This post is mainly so I have a quick reference for myself.
To export a VM as a folder of files (OVF) or a single OVA file, you can use the
Export-VApp method in PowerCLI. (It works on single VM’s, too, not just VApps. Just make sure to use the “-VM” parameter.)
From the documentation:
Specifies a destination path to the file system location where you want to export the vApp or the virtual machine. If the value of the Destination parameter is a folder, the vApp or the virtual machine is exported to a container folder (OVF). If the destination is a file, the vApp or the virtual machine is exported in OVA format.https://vdc-repo.vmware.com/vmwb-repository/dcr-public/557aee4d-26f9-4810-bc12-b1cf22401c8f/ca9f89cf-cdea-4e9c-9e50-f214cf902c1b/doc/Export-VApp.html
But despite that behavior, I like to be precise with my intent when issuing commands, so I also use the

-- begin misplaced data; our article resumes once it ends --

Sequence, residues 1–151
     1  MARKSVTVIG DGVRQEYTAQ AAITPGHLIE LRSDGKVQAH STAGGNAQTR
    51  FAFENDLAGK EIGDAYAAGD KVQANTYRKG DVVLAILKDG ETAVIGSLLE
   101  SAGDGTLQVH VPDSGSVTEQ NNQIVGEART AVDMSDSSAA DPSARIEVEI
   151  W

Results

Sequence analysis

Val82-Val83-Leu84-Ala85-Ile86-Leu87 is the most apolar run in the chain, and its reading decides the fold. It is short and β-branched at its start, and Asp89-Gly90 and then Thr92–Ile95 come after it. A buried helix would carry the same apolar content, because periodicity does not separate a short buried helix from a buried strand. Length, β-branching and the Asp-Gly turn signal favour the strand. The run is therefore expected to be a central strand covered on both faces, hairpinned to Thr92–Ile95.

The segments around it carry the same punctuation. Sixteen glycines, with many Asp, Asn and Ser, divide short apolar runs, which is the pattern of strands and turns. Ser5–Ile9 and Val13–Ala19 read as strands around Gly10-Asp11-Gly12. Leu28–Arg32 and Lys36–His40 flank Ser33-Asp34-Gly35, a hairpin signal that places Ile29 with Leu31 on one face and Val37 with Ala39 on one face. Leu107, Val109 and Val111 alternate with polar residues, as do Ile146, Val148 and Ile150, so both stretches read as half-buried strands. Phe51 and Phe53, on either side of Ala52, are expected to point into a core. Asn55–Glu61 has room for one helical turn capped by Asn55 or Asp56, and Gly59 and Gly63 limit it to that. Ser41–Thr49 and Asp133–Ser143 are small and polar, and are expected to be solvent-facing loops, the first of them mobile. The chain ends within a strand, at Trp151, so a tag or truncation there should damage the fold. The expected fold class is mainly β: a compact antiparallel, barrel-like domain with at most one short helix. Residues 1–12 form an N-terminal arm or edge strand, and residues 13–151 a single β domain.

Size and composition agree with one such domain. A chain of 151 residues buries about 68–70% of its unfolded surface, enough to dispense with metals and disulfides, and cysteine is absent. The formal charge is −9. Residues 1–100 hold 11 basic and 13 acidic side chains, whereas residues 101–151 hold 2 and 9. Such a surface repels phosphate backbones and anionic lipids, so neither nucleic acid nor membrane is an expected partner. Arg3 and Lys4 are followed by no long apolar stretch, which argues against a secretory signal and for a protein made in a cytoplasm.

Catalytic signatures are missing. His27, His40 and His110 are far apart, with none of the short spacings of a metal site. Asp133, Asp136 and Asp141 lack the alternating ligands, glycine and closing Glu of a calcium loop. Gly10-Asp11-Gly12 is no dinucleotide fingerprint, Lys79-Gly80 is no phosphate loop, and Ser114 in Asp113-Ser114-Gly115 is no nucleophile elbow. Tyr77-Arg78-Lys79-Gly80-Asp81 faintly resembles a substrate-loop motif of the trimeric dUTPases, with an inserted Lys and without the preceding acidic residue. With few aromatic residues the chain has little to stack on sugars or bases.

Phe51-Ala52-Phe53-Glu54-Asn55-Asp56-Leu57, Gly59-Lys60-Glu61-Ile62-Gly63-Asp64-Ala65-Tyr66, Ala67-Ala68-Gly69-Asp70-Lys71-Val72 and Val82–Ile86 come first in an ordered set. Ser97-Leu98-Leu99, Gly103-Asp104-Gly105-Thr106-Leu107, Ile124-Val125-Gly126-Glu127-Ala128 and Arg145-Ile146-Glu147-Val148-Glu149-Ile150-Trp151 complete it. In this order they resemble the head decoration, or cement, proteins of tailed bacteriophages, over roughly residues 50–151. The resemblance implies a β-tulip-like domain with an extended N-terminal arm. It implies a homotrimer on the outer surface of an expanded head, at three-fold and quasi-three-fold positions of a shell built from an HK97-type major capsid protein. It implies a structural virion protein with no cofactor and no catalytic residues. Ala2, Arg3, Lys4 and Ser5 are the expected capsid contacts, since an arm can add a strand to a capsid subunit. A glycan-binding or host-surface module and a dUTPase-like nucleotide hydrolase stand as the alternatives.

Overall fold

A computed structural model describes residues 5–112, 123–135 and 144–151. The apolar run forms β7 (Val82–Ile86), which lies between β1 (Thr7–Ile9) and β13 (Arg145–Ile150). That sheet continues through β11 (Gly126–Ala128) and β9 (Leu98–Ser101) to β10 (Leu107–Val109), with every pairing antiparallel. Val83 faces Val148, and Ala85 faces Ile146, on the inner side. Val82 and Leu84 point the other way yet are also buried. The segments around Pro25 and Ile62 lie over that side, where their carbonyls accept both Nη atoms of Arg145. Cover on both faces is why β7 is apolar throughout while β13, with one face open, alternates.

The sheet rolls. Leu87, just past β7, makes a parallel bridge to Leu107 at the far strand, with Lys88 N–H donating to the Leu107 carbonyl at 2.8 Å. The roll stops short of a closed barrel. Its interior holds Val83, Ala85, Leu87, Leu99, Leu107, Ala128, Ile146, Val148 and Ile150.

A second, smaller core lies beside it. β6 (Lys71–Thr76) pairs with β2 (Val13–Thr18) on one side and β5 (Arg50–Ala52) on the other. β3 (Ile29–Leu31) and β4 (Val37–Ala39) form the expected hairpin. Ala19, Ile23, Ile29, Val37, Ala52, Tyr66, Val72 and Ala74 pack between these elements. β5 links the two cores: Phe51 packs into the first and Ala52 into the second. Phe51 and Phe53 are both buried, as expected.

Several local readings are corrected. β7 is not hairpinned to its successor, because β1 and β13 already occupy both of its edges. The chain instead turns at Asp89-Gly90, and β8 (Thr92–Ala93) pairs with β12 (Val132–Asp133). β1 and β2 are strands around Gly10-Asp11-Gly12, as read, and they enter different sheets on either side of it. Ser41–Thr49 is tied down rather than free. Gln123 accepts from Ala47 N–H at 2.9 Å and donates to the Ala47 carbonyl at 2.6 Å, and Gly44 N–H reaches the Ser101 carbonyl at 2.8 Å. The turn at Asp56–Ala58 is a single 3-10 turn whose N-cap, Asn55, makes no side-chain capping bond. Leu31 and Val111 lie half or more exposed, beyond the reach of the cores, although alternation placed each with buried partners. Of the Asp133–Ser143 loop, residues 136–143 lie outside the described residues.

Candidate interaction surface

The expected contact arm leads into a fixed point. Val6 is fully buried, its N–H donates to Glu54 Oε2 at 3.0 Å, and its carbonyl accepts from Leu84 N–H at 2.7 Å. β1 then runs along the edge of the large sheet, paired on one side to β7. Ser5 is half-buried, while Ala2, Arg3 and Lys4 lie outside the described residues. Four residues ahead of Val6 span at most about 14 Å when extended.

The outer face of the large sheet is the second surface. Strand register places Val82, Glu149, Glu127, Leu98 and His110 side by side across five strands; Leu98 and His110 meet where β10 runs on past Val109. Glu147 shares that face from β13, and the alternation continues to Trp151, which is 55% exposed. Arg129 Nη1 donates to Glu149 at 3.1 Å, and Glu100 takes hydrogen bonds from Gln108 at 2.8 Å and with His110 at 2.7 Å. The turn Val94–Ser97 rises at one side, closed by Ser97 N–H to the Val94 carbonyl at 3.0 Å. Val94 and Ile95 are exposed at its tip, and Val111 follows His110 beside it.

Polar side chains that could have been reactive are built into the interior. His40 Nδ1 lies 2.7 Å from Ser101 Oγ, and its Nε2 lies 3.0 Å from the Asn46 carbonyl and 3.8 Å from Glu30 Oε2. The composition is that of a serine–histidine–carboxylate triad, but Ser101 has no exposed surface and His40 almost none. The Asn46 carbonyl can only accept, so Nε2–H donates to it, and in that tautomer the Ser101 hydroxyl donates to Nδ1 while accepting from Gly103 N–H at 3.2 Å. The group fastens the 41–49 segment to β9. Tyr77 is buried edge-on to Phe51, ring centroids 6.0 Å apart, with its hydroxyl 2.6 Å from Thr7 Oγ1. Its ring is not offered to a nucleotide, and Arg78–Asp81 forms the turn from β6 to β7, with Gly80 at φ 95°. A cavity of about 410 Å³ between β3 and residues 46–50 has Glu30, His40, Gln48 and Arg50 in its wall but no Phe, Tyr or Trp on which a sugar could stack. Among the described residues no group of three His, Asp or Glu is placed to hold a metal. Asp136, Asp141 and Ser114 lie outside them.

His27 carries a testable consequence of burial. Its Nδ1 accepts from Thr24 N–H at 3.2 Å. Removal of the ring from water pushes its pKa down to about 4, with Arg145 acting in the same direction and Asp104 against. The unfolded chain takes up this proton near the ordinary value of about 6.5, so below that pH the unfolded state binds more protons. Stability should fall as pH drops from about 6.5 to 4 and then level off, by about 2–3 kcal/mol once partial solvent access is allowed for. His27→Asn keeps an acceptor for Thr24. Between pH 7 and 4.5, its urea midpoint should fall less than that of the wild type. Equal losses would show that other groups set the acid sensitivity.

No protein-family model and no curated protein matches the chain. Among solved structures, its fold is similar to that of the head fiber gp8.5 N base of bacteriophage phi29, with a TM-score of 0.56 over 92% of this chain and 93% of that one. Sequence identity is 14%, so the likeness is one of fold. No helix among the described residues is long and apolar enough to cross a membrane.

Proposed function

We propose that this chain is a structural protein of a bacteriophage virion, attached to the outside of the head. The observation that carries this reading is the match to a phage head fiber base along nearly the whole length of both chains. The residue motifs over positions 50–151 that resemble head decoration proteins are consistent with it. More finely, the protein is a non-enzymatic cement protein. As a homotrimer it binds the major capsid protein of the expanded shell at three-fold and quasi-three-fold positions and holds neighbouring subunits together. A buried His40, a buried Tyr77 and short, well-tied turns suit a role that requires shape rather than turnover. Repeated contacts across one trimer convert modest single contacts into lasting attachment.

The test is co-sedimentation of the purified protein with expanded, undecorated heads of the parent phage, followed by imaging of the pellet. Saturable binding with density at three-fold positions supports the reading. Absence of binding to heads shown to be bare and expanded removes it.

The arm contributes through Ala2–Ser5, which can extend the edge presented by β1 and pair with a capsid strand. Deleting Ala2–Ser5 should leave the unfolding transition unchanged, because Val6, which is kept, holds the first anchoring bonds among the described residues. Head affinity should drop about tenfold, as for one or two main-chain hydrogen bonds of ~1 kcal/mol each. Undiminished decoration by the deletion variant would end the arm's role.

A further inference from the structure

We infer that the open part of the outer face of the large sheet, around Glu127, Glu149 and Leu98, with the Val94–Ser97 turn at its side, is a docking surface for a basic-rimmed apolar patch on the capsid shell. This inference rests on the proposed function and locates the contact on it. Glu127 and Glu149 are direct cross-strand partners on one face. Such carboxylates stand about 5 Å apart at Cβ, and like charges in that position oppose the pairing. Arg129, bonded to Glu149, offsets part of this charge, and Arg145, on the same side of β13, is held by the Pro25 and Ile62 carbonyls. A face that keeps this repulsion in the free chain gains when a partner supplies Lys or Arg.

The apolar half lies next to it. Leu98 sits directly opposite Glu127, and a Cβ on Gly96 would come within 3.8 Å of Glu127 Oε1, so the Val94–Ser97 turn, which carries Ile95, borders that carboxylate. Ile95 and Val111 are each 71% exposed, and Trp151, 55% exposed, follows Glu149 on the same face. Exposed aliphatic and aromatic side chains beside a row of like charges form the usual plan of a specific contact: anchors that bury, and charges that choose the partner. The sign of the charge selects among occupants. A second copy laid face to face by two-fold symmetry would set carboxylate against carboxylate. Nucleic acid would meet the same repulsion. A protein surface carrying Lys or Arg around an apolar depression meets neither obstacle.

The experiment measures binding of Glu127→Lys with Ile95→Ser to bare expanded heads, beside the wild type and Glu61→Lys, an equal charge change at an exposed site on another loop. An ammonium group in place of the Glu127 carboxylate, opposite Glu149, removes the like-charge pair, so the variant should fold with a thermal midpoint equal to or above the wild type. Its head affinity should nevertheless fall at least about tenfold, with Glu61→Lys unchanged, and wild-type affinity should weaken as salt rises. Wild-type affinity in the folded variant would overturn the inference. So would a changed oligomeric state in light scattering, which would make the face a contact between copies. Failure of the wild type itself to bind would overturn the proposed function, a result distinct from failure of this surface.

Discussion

-Format parameter that indicates if you expect to export an OVF or OVA.
So, to export a single VM as a folder of files with a referential OVF file, use the following format:
Export-VApp -Destination 'C:\some_path\VM_NAME_export\' -VM VM_NAME -Format Ovf
And to export the VM as a single OVA file:
Export-VApp -Destination 'C:\some_path\VM_NAME.ova' -VM VM_NAME -Format Ova
Most of this was gleaned from the PowerCLI reference documentation at https://code.vmware.com/web/tool/vmware-powercli